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IMG_3631Photobomb level? Benedict Cumberbatch

DAY 2: LONDON

My sister was particularly enthralled by the Westminster Abbey service we attended Sunday morning, and while  the service was indeed beautiful, I was more captivated by the gruesome yet fascinating history of the Tower of London. Having seen many a documentary about King Henry VIII and his numerous wives as well as having read a fictional adaptation of the story of Lady Jane Grey, I was floored to have walked the same grounds and stroll through the same prison rooms as Anne Boleyn, Lady Jane Grey, and others.

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If you know me well, the subject of BBC’s Sherlock has probably come up, and in enthusiastic tones. The Speedy’s café and 221B Baker Street setting is actually in the most obscure location – quite easy to miss. And while I thought we would look rather silly to passer-byers who don’t understand the significance of this spot, I was happy to find a few other tourists doing little photo shoots there as well. Also, the reason why I look crazed in the second photo is because I had just realized that while posing with the door handle, I accidentally let go of it, knocking on the door. People do live there…but no one answered. They’re probably used to ding-dong ditching Sherlock fans.

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And no trip to London is complete without a stop at Platform 9 ¾ at the real-life King’s Cross Station.

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DAY 3: PARIS

Fully expecting to be written off as ignorant, non-French speaking American tourists, I was pleasantly surprised by the hospitality by which we were received in Paris. With less than 24 hours to spend in Paris, we hit the essentials – Eiffel Tower, River Seine, Arc d’ Triomphe, Bastille, and passed by the Notre Dame Cathedral on our river cruise. Oh, and ate some cheese. I would definitely need to spend more time in France to a) better appreciate the culture, and b) see the sights we didn’t have time to see, but it was a jolly good time. I prefer London, though.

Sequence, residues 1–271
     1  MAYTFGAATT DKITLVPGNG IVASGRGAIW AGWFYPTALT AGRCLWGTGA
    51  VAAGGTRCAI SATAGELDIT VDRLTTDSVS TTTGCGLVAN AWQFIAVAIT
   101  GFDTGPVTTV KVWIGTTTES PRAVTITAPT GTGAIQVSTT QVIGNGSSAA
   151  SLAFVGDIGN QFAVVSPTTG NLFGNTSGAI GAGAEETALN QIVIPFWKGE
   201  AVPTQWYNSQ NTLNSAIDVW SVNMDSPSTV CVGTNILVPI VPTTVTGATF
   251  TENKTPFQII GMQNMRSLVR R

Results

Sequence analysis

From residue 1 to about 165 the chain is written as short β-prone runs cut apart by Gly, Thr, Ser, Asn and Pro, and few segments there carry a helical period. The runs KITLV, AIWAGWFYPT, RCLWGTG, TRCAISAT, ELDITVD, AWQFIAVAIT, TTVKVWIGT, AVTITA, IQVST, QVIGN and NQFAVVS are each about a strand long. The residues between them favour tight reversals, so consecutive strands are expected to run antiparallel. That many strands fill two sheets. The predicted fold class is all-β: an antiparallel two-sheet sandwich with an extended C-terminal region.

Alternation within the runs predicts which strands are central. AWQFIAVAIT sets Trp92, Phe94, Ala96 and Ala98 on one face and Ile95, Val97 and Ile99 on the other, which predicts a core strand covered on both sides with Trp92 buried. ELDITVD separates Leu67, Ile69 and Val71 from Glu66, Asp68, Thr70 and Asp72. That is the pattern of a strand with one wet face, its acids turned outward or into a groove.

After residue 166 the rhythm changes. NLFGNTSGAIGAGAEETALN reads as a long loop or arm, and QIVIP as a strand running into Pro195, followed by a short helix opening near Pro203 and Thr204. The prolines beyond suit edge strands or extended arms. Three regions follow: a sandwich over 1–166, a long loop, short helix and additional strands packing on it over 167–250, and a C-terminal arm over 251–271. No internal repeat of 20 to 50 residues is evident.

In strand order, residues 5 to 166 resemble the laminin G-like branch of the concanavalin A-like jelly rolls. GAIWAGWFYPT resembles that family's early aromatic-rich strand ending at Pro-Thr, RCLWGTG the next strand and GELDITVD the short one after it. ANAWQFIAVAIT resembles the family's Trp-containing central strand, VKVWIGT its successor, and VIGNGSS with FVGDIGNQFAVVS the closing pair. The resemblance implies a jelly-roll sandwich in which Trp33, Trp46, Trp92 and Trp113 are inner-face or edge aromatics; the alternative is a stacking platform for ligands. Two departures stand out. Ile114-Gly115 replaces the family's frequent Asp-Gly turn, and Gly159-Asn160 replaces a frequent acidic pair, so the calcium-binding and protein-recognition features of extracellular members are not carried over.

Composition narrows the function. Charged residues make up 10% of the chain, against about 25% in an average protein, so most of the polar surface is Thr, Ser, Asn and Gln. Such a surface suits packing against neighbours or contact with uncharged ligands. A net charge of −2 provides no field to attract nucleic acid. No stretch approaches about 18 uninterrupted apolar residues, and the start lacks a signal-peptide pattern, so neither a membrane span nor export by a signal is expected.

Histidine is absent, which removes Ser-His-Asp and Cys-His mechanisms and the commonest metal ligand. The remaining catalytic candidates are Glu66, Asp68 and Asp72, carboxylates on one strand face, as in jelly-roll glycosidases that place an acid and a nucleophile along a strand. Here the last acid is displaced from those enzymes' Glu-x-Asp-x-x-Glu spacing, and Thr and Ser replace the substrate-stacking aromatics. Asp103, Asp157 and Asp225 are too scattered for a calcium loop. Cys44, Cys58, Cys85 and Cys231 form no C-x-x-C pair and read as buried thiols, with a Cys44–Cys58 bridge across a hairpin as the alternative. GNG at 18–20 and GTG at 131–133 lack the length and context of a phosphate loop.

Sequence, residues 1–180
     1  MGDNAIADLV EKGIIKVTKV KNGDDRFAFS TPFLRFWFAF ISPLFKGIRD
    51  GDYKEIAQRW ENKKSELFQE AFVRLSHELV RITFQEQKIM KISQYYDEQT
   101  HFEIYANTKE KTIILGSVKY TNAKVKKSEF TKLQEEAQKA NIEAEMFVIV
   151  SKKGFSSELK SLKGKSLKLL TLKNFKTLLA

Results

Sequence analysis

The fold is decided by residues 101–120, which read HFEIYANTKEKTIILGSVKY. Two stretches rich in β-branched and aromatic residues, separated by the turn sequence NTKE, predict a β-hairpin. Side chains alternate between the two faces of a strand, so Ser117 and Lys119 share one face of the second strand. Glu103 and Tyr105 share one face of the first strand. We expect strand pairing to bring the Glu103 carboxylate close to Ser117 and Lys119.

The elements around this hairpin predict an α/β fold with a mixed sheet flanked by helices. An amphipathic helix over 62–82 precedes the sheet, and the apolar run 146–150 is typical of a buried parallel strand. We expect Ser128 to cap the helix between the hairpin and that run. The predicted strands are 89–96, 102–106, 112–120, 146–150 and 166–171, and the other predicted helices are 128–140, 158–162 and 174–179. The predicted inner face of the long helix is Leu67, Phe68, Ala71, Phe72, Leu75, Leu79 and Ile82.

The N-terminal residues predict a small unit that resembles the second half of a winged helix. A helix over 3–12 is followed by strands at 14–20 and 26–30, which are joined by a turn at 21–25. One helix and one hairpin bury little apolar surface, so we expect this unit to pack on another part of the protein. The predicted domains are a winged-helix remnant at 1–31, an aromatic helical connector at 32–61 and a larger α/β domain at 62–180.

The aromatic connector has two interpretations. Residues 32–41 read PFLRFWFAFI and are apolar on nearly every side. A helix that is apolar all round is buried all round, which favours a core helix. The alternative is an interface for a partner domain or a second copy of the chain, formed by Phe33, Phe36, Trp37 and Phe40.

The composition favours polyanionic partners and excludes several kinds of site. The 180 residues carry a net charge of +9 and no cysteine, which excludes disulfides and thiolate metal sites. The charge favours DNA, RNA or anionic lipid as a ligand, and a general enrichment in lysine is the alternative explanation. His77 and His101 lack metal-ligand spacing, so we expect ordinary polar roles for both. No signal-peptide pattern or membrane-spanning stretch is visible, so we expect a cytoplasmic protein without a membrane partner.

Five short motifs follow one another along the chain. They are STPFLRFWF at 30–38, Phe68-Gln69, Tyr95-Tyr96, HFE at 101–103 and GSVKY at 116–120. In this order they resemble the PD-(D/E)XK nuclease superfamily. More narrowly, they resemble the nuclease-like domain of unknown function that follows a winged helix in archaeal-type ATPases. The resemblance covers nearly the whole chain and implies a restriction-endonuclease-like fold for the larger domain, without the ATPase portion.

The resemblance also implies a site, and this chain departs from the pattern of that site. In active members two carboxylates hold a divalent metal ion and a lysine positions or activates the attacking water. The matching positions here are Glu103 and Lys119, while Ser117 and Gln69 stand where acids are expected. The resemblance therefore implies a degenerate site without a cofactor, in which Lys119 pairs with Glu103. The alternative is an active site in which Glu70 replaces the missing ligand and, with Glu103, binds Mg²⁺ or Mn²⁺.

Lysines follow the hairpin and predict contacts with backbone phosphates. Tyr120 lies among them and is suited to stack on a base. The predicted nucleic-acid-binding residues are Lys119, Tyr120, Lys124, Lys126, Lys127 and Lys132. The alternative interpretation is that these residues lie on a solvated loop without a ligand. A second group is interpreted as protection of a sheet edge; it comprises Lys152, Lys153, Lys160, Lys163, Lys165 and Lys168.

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The rest of the week was spent showing my family just snippets of Oxford, and leaving them to their own devices while I slaved away in the Bodleian in preparation for my new British history tutorial (which is proving to be a helluva lot harder than my previous tutorials). Everything was so new to them, so I had to remember to slow my pace down, and forget the itinerary. I’ve had the privilege of living – yes, LIVING – here for well over two months now, and wouldn’t admit this to them at the time, but found renewed joy in watching them be amazed by all that is Oxford.

Just Another Day

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I’ve noticed that I’ve spent a good portion of my Oxford blogging to the more reflective side of things – make no mistake, I will continue to do so, but it occurs to me that I should also like to engage my readers to the visuals of my Oxford journey as well.

View it as a shameless “Go study abroad!” advert if you will, but this has been – for the past two, going on three months – my life. I can scarcely believe it myself – often times I forget that I’m not on an extended winter holiday, but an actual school term. It’s unbelievable.

Like I said, it’s been rather easy to think of this as a sort of vacation with required reading and papers, of course. I’ve had, for the most part, no reason to wake up very early, so I’ve miraculously never been lacking in the sleep department. And most mornings, I wake up smiling. As I have my two tutorials on every other Monday and every Tuesday, I’m essentially left to my own devices for the remainder of the week. I won’t bore you with the nitty-gritties of my studies, only to say that I am given an allotted time in which to complete my weekly/biweekly readings and assignments, so obviously it’s not a total holiday. Oh yeah, and both my tutors are both brilliant and engaging (My poetry tutor and I had a bonding moment over the subject of Sherlock last week).